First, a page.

Day in, day out, for three weeks every summer.
Years ago I aspired to taking my son to Chicago, to Pompeii, to the Galapagos Islands, to London where he was born. But my own childhood experience suggests that there is adventure to be had in the smallest of journeys, and the happiest memories can come from family and familiarity.
My memory doesn't have to stretch back too far to recall a family holiday that was as close to perfect as you are ever going to get. Last summer my husband's sister was visiting from Canada with her family and so we all set off — grandparents too — for a week at Ōhope beach. The bach was rustic, but roomy and so close to the beach you could taste the salt on your lips when relaxing on the deck. If you have ever been to Ōhope you know how beautiful the beach is. The sand is soft, the waves are a good size, not too rough for kids, but not small either.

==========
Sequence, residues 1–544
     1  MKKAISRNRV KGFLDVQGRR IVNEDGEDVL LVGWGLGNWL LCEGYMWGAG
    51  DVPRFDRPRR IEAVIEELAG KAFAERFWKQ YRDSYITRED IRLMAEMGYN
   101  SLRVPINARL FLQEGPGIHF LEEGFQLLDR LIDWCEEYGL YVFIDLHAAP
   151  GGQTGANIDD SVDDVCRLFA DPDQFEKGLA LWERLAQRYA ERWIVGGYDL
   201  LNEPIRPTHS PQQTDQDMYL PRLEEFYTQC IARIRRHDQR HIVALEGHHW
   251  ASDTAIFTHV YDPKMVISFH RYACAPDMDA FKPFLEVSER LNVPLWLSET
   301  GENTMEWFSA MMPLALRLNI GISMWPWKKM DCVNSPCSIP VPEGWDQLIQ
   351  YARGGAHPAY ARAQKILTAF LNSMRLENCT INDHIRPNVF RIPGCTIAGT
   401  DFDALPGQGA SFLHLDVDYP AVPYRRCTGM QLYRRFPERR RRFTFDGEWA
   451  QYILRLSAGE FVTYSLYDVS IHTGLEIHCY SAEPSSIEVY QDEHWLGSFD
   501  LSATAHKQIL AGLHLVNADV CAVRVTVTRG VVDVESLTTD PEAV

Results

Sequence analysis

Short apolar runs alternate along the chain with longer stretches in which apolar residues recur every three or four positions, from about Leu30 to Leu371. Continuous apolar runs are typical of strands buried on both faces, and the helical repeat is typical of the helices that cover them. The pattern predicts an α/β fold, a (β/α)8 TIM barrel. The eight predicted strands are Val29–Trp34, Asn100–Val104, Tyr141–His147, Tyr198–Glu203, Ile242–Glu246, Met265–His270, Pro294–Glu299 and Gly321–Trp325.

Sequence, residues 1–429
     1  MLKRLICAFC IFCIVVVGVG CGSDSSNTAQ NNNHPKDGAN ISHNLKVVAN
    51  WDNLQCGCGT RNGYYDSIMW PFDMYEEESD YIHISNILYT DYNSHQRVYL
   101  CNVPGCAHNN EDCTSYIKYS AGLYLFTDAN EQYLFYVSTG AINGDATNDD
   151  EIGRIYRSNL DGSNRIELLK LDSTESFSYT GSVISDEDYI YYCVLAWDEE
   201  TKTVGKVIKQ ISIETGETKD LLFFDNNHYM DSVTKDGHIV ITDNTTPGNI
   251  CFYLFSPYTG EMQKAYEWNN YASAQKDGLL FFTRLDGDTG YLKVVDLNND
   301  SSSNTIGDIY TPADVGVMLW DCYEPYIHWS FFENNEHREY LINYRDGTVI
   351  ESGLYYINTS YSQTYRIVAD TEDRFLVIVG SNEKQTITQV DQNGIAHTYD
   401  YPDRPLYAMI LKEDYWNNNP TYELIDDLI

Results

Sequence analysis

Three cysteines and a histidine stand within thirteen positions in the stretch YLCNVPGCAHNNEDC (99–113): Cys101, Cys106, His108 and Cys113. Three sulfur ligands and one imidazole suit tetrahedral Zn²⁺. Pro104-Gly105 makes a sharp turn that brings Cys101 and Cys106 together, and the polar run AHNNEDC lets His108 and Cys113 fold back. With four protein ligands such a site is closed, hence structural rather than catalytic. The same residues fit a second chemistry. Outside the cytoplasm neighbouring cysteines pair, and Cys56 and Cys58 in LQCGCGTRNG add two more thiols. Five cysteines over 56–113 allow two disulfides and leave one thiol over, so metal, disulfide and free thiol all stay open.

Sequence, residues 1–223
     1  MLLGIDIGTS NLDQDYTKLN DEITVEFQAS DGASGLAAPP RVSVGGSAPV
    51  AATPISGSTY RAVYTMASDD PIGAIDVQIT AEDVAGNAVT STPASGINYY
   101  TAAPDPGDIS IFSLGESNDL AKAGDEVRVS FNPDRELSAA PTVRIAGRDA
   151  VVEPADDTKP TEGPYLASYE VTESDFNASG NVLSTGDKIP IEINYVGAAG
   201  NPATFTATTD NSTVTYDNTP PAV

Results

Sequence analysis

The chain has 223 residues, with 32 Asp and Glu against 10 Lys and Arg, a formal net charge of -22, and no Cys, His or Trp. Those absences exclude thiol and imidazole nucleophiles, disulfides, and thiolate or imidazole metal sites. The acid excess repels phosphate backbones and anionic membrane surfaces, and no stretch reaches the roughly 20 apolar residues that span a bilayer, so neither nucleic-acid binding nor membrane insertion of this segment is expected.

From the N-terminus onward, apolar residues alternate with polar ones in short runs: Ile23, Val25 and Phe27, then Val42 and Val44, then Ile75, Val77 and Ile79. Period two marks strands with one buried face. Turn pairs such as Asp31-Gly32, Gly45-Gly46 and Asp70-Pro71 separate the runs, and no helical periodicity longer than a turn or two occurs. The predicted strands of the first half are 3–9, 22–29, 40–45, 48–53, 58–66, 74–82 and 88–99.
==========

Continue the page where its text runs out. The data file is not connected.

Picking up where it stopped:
We had bought the kids bodyboards for Christmas, but in typical 6-year-old style they lost interest immediately, so the parents took to the boards with gusto. I had never body-boarded before and my brother-in-law patiently gave me pointers and cheered me on when I finally caught a wave. On our second to last day on the beach my sister-in-law suggested we dig for pipis, something they had done as a family when they were young, so we all pitched in, even the littlest ones and ended up with a huge bucket, which we enjoyed with butter and lemon the next day. Those pipis were magic, not just because they were tasty, but rather it felt like a right of passage, as though I had been invited to join a family memory. Sure, there were moments, like when our toddler fell on concrete and grazed his face or when our 6-year-old realised a homemade battering ram versus a glass door doesn't end well but, that's life, right?